The Colorado House of Representatives is comprised of 65 representatives, 33 of which are Republicans and 32 of which are Democrats. The State Senate is comprised of 35 representatives, 15 of which are Republicans and 20 of which are Democrats. The Speaker of the House is Frank McNulty and the President of the Senate is Brandon Shaffer. The Colorado legislature convened on January 11, 2012 and adjured May 9, 2012, however issues such as placing limits on driving while under the influence of marijuana and civil unions were left unsettled requiring Governor John Hickenlooper to call a 2 day special session which convened May 14th.
The 2012 session opened with the Colorado House of Representatives passing HR 1003, a resolution that urges Congress to call a constitutional convention to repeal the Patient Protection and Affordable Care Act. The resolution passed 33-31 on a party line vote, with one Republican and one Democrat crossing the aisle. HR 1003 began a trend in both the House and Senate of close party line votes.
SB 93, a bill which requires hospitals to disclose to patients any services that are not provided because of religious objections, narrowly passed the Senate on a party line vote of 20-14 and died in the House. In another attempt to pass legislation that would authroize religious expemptions, the Senate introduced SM 3 which would have authorized religious exemptions for employers who do not provide birth control in their insurance plans. The Senate failed to pass SM 3 on a 5-20 vote.
With HB 1130, the Colorado House addressed another controversial issue and voted to place penatlies on violent offenses against fetuses. The bill would authorize an individual to be charged with homicide and assult for commiting a crime against a pregnant woman that results in the death or injury of her fetus, in addition to the charges for the underlying crime against the woman. The bill passed the House on a party-line vote but died in the Senate. This bill follows a national trend seen in bills from states such as Alaska, New Hampshire, Tennessee, and Maine.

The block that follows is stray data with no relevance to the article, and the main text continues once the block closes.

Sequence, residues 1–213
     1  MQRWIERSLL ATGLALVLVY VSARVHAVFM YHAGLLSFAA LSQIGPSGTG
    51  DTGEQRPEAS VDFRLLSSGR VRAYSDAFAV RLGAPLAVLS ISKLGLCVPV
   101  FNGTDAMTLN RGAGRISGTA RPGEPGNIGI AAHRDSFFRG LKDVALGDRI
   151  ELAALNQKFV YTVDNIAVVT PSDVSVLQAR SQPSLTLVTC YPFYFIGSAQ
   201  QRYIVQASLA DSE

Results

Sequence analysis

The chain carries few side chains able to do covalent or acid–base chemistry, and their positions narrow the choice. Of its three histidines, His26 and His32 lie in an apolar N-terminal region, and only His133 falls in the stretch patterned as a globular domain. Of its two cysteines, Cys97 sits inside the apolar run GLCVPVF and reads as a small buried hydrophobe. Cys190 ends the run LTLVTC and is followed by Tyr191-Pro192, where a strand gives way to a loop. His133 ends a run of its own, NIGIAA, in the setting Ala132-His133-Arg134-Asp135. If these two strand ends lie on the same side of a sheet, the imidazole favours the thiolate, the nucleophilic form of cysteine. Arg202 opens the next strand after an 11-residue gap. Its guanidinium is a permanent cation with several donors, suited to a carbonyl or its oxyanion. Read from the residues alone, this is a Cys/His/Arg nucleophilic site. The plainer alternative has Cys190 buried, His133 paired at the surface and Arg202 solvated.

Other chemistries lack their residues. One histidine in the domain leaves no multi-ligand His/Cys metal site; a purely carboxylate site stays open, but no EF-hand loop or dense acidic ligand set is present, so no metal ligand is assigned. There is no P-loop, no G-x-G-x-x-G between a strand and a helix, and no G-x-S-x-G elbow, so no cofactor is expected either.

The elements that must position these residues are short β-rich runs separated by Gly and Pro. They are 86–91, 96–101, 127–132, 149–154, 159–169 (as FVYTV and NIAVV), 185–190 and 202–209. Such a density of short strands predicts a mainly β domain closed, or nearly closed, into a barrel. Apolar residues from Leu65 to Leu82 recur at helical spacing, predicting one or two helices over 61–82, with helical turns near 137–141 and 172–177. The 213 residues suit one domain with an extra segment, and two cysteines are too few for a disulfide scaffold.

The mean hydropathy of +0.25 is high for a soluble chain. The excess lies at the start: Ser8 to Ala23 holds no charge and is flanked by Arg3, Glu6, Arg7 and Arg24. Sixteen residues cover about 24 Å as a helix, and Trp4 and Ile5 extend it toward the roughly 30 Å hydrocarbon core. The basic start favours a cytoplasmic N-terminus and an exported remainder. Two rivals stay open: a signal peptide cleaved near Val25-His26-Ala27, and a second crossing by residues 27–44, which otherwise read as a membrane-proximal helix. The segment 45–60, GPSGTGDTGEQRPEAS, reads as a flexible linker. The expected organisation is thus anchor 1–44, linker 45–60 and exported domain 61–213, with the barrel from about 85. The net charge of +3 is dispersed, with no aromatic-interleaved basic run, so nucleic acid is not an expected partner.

The legislature also addressed regulations on guns in HB 1048 and HB 1064. HB 1048 repeals state background checks for gun buyers. Representative Mark Waller, the bill's sponsor, said “Colorado is one of only a few states that has a state background check. We’re spending money unnecessarily on the co-program when the federal government already does it. In the first year it would save $1.5 million and every year after that around $2 million.” Whereas, Representative Rhonda Fields opposed the bill stating, “you eliminate the opportunity for our local law enforcement to determine if there’s any warrants out for someone’s arrest or if there are restraining orders out there.” The contentious issue passed in the house 37-28 and died in a Senate committee.
The Colorado House also took up the issue of voter identification requirements. HB 1111 would require all voters to present a valid identification card prior to voting. Proponents of the bill argue that requiring identification would decrease voter fraud, whereas opponents argue that it will disenfranchise voters. Eleven states currently have similar laws. As of 2012, 32 states have pending legislation to enact or strengthen voter ID laws. Colorado's HB 1111 passed the House 33-31 on a strict party-line vote but ultimately died in the Senate. SB 147 was an attempt to protect voting rights by prohibiting the distribution of false information relating to an election and voter eligibility.
The 2012 legislative session came to a end on May 9th leaving the issue of driving while under the influence of marijuana undecided. SB 117, which specifies that it is a misdemeanor to drive a vehicle with more than .5 nanograms of Delta 9-Tetrahydrocannabinol (THC) per milliliter of blood, was passed in the Senate 18-17 during the regular session. However, the House did not address SB 117 prior to the adjournment of the session and as a result the House took up the issue of driving while under the influence of marijuana during the special session which convened on May 14th . The House passed HB 1005, which is an amended version of SB 117. HB 1005 died in a Senate committee and Colorado was unable to pass a law regarding driving while under the influence of marijuana.
In perhaps the most controversial bill this year, SB 2 attempted to authorize civil unions throughout the state. The bill passed the Senate 23-12 with 3 Republicans crossing the aisle to vote in favor of authorizing civil unions. Republican Senator Kevin Lundberg said “there are many, many citizens in Colorado from my district, from your district, that do not agree with changing the meaning of marriage in Colorado. And Senate Bill 2 does change the meaning of marriage.” Democratic Senator Morgan Carroll on the other hand said “if you do not want or believe in a civil union, don't get one, but, please, don't hold back everybody else from having full legal equality." The bill was brought up in the House during the special session as HB 1006, however it ultimately died in committee.
Sophia Luby is a student at Emory University majoring in Political Science and Spanish and a current intern with Project Vote Smart. For more information on internship opportunities with Project Vote Smart, contact us at firstname.lastname@example.org or by calling 1-888-VOTE-SMART.